Correspondence, notes, expense lists, and invoices for objects obtained by Gen. Munthe and shipped to Gertrude Bass Warner in Eugene [040]



Correspondence, notes, expense lists, and invoices for objects obtained by Gen. Munthe and shipped to Gertrude Bass Warner in Eugene [040]


Munthe, Johan Wilhelm Normann


Warner, Gertrude Bass, 1863-1951






Correspondence between Gertrude Bass Warner and General Normann Munthe

Peking, 12 June, 1933.
My dear Friend,

Thank you for your letter of May 7th, posted May 11th, that came here on the 9th. Of course, all that you say about God being all Goodness and Perfection, hence cannot and does not send his His children any evil in any shape or form, is quite true, and knowing this, we also know that whatever appears to us as evil has no mandate or right of existence and forever, and we therefore know that it must—in God’s own good time—disappear. What love does come to us comes in various forms, for various reasons. In the first place, I think, and our wrong thoughts, words, and deed call down punishment on us, and this, I think does not only apply to our present life, but, as we take our vulnerability with all its shortcomings with us into the next life, so we, when we came into this life brought with us, the faults and failings of our previous existence or existences, and we are paying up—in the shape of sorrow and suffering—not only for this life, but also for the many previous ones. This is the only reasonable explanation that I can find, when I see so many good and worthy people suffer more than their apparently less good and worthy neighbors. That is one reason for suffering, another may also be that suffering hideous tribulations may be a link in and mental, spiritual development forward and upward. This, I also believe is a reason why we have to go through so much.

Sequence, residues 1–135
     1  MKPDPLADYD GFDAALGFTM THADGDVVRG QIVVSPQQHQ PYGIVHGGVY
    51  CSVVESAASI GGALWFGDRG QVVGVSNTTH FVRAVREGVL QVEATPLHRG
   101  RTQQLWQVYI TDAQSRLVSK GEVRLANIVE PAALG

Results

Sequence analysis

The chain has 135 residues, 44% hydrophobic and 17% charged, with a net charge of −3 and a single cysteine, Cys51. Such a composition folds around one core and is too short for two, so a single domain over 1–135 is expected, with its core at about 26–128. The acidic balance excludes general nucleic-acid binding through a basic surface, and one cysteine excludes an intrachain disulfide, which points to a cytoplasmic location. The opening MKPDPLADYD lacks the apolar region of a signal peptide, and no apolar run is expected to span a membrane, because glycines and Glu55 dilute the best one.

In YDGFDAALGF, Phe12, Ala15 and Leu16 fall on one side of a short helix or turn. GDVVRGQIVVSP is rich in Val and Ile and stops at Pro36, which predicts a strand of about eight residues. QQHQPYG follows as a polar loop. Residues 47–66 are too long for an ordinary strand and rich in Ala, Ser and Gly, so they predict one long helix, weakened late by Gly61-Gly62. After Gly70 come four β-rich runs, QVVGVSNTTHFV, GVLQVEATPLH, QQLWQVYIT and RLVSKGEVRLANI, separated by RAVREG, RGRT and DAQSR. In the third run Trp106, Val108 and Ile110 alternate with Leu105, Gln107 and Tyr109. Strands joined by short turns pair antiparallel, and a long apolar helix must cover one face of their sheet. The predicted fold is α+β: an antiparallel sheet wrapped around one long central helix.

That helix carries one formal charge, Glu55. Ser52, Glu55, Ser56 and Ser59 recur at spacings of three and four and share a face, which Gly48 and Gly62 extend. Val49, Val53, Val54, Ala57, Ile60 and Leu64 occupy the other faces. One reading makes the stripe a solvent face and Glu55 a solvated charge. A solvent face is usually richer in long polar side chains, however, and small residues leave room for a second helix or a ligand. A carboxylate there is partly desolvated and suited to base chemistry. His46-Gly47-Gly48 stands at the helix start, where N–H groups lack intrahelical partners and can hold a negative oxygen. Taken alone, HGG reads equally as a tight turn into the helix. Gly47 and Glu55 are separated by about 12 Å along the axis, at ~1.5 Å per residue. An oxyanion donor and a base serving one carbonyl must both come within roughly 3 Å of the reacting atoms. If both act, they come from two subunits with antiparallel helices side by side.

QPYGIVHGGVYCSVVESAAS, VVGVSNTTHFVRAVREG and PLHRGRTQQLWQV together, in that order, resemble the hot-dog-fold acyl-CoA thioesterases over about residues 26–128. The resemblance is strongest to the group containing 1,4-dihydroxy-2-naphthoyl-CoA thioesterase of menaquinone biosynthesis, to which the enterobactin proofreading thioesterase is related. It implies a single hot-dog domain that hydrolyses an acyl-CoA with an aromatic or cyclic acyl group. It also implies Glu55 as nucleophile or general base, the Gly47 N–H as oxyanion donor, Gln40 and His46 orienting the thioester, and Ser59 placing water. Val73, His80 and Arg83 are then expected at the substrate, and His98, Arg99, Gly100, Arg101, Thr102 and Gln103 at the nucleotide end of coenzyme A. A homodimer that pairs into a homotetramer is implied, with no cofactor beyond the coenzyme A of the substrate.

Now, take the present depression that affects the whole world; what is is the reason? I should say that the so-called “Great War”, and all the hate and wrong thinking in that direction that it created and which has not, as yet, been eradicated from the minds of man-kind. When we all have good-will and only kind, helpful thoughts for our fellow-beings, we shall have no more depression. This depression is the image and likeness of egotism and selfishness—every person, every nation, only thinking of itself, and its own seeming interests. Importantly, it is easier to abort a wrong that than to stop it, regret it, and eradicate it. It takes effort, good-will, and time and these things have first to be provided before one can reasonably look for any improvement.

There was a ray of sunshine in your letter that gave me great pleasure. You say you will pick the thing you want when you come to Peking. Hoorah—hurry up and come, please. You cannot come soon enough, and as I sitting here love writing to you, I am writing to you and telling you that that is the best news I have had for many a day. You have said so, my dear Friend, so that is a promise, and I am surely only too keen to you to your word. There has been no regular service in Peking since I gave it up to the other some 3 years ago. I am looking forward with the greatest pleasure to having services again with you—and you say Mrs. Perkins.

I am grateful and thank you for all your kind thoughts for me, and I thank God for sending you my way, and for our mutual friendship, and so I send you the best of all good wishes; ay God be with you and bless you.

All kind and helpful thoughts and wishes to you, my good Friend,

Your old friend,
Normann Munthe

End of transcript.
Transcribed by Tom Fischer.


Gertrude Bass Warner Papers, 1879-1954


University of Oregon Libraries, Special Collections and University Archives


University of Oregon






Rights Reserved - Free Access

Rights Holder

University of Oregon Libraries, Special Collections and University Archives

Item sets